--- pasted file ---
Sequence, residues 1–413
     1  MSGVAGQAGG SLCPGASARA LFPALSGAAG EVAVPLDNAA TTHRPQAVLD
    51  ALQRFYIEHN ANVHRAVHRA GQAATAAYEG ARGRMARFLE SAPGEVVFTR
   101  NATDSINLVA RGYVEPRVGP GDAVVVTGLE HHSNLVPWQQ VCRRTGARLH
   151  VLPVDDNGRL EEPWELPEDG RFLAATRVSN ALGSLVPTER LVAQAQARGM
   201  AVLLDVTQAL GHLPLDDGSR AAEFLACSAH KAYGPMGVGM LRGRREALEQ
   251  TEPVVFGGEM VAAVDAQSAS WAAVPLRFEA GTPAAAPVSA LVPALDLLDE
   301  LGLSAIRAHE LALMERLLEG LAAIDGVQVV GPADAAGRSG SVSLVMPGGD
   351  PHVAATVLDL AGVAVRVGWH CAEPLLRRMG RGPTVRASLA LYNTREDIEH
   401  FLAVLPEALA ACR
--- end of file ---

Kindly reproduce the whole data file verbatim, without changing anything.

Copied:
Sequence, residues 1–413
     1  MSGVAGQAGG SLCPGASARA LFPALSGAAG EVAVPLDNAA TTHRPQAVLD
    51  ALQRFYIEHN ANVHRAVHRA GQAATAAYEG ARGRMARFLE SAPGEVVFTR
   101  NATDSINLVA RGYVEPRVGP GDAVVVTGLE HHSNLVPWQQ VCRRTGARLH
   151  VLPVDDNGRL EEPWELPEDG RFLAATRVSN ALGSLVPTER LVAQAQARGM
   201  AVLLDVTQAL GHLPLDDGSR AAEFLACSAH KAYGPMGVGM LRGRREALEQ
   251  TEPVVFGGEM VAAVDAQSAS WAAVPLRFEA GTPAAAPVSA LVPALDLLDE
   301  LGLSAIRAHE LALMERLLEG LAAIDGVQVV GPADAAGRSG SVSLVMPGGD
   351  PHVAATVLDL AGVAVRVGWH CAEPLLRRMG RGPTVRASLA LYNTREDIEH
   401  FLAVLPEALA ACR